Albuquerque becomes 10th city to achieve 2030 District designation

Courtesy Albuquerque Business First.

By Damon Scott

April 23, 2015

Albuquerque has landed on a highly-respected global list — the city has been designated the 10th to become a 2030 District.

The 2030 District program has widespread implications for all industries involved in the built community — commercial real estate, technology, education, government and others. The initiative is a voluntary, private-sector led program with aggressive goals that organizers say will contribute to much-needed economic revitalization in Albuquerque — particularly in the Downtown core and surrounding areas.

“You can feel the change, something is really shifting,” said Holly Carey, Albuquerque’s 2030 District program manager. “People are wanting to come together and work as a team instead of doing things by themselves. Collaboration is happening and there are huge partners that are playing together,” she said.

The designation means Albuquerque’s built community will work toward energy reduction goals leading up to the year 2030. Organizers call it a business case for sustainability — think reduced energy, water consumption and emissions, improved livability, increased property values and a spurring of economic development through the redevelopment and repurposing of older buildings, many of which are located Downtown. Organizers say zero carbon dioxide emissions from Albuquerque buildings in the future is not a pipe dream.

“The desert Southwest faces its own unique challenges and adding Albuquerque to the network creates a model for other Southwestern cities to emulate,” said Vincent Martinez, director of research and operations of Architecture 2030 and interim director of the 2030 Districts Network.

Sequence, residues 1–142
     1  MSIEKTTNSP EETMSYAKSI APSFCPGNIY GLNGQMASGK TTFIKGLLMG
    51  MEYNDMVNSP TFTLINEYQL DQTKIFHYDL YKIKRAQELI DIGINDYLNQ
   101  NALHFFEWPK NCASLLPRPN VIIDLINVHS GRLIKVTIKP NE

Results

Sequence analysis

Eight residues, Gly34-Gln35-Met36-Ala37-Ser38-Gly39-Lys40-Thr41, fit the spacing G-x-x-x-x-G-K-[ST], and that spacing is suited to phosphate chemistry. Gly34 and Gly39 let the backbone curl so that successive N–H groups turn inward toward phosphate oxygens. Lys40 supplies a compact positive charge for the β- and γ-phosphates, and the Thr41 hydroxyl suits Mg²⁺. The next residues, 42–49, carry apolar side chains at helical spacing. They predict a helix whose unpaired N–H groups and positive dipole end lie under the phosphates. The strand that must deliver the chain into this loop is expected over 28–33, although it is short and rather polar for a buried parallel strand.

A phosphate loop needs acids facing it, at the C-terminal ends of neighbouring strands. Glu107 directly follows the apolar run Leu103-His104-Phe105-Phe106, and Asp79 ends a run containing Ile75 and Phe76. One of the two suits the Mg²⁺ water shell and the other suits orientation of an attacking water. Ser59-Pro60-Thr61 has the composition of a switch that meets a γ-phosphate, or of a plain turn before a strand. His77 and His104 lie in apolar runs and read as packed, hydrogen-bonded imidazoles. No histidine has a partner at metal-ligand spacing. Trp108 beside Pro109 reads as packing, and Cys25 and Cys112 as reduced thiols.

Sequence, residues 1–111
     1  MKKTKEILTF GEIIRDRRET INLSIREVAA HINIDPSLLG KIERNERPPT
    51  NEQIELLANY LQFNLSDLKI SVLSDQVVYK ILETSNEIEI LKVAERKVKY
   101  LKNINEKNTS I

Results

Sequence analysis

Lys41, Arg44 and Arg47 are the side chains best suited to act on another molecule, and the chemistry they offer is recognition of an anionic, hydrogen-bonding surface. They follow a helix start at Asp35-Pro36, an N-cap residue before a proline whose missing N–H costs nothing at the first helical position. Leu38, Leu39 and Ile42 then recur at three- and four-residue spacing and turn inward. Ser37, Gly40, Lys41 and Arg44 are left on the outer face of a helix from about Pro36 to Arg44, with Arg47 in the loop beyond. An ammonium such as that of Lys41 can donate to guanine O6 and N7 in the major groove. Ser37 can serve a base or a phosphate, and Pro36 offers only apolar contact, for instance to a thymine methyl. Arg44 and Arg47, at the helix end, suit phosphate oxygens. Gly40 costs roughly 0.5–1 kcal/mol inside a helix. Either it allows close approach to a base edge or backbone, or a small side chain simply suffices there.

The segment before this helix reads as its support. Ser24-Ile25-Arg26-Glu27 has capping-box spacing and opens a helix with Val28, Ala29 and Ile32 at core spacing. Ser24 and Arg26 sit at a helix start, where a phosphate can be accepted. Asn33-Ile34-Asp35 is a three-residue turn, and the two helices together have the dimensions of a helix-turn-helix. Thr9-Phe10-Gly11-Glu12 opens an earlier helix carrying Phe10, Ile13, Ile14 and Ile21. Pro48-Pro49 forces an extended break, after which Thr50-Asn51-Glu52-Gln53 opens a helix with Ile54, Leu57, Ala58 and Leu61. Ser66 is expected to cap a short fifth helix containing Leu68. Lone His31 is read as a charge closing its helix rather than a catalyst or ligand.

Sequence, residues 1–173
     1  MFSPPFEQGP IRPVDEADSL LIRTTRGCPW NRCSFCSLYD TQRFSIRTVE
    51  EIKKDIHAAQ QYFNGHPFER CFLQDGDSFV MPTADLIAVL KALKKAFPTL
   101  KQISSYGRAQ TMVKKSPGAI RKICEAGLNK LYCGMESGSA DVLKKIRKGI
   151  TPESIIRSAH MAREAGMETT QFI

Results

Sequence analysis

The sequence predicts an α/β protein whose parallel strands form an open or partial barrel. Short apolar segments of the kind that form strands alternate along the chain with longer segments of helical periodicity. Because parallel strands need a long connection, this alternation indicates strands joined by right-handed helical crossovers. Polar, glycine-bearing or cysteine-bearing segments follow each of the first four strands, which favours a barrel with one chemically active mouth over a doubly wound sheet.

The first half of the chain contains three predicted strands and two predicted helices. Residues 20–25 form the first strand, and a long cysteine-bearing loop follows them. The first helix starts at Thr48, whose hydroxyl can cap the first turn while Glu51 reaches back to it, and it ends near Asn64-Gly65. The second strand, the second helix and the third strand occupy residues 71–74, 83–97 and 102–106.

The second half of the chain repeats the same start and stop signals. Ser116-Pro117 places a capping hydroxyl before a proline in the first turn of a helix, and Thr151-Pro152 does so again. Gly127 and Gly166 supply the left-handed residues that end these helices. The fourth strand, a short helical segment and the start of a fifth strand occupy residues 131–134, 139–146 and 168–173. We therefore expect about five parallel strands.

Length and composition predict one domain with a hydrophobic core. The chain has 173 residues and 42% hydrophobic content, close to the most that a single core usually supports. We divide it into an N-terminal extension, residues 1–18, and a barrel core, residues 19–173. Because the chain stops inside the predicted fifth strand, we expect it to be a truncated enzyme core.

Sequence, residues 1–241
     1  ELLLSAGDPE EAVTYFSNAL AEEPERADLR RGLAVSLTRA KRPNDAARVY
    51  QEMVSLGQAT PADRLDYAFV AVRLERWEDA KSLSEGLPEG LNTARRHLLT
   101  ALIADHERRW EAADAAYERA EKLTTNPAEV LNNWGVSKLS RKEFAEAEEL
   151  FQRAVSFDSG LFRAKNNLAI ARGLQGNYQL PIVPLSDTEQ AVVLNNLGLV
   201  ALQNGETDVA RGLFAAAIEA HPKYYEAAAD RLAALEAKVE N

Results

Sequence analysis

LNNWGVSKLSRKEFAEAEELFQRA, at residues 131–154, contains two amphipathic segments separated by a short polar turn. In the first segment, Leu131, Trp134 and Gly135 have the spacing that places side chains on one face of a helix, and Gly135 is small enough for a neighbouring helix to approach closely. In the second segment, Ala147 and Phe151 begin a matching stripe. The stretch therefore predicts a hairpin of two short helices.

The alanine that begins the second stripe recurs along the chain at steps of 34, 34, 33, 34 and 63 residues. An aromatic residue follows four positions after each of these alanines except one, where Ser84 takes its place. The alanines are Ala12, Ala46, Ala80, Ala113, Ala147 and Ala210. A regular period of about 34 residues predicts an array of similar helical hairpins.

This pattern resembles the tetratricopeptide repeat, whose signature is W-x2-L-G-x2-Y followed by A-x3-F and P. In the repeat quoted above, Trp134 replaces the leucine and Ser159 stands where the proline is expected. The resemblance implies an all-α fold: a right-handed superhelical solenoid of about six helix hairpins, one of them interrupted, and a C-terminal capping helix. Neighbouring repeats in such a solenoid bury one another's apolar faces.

Albuquerque joins nine other cities that have the designation — Seattle, Cleveland, Pittsburgh, Los Angeles, Denver, Stamford, Conn., San Francisco, Dallas and Toronto.

Albuquerque was named as an “emerging” 2030 District last year. Since then, dozens of big names have signed on to be part of a "2030 District boundary." Those names include the University of New Mexico, Central New Mexico Community College, Hotel Parq Central, Hotel Andaluz, Presbyterian Hospital and one of the largest buildings in the state — Plaza Compana in Downtown, where Molina Healthcare of New Mexico is relocating. There are many more.

There are big business names onboard and some are big New Mexico names. The 2030 District program is part of the international Architecture 2030 organization led by Santa Fe’s Edward Mazria, its founder. Mazria has been working with Albuquerque’s Laurie Tarbell, vice president of the Downtown ABQ MainStreet Initiative and co-owner of Levitated Toy Factory with her husband, Jared, who is a founder of Tarbell has been pushing Albuquerque toward the designation and organizing with the business community for months. She’s signed on dozens of building owners to join the district boundary.

“There’s a huge business education side of this,” said Tarbell. “Some have seen ecological development as some leftist political ideal, but now Walmart is leading in high performance building. It’s not feel-good politics, it’s good business sense,” she said.

Tarbell recruited Jim Folkman and his Albuquerque nonprofit Foundation For Building to be the umbrella organization for the Albuquerque 2030 District. Working with Folkman is executive director Mike Cecchini, a builder and energy expert. Carey is now the day-to-day face of the local push. For more than four years Carey was a senior outreach manager for the Public Service Company of New Mexico’s energy efficiency program. She’s owned her own lighting company and was in lighting industry sales for many years.

A board of 10 advisors is being finalized now, Tarbell said. And while the official launch will happen sometime in the next six months, a celebration event to officially sign the charter takes place April 27. For more details about the 2030 District, go online or email

(Original article can be found at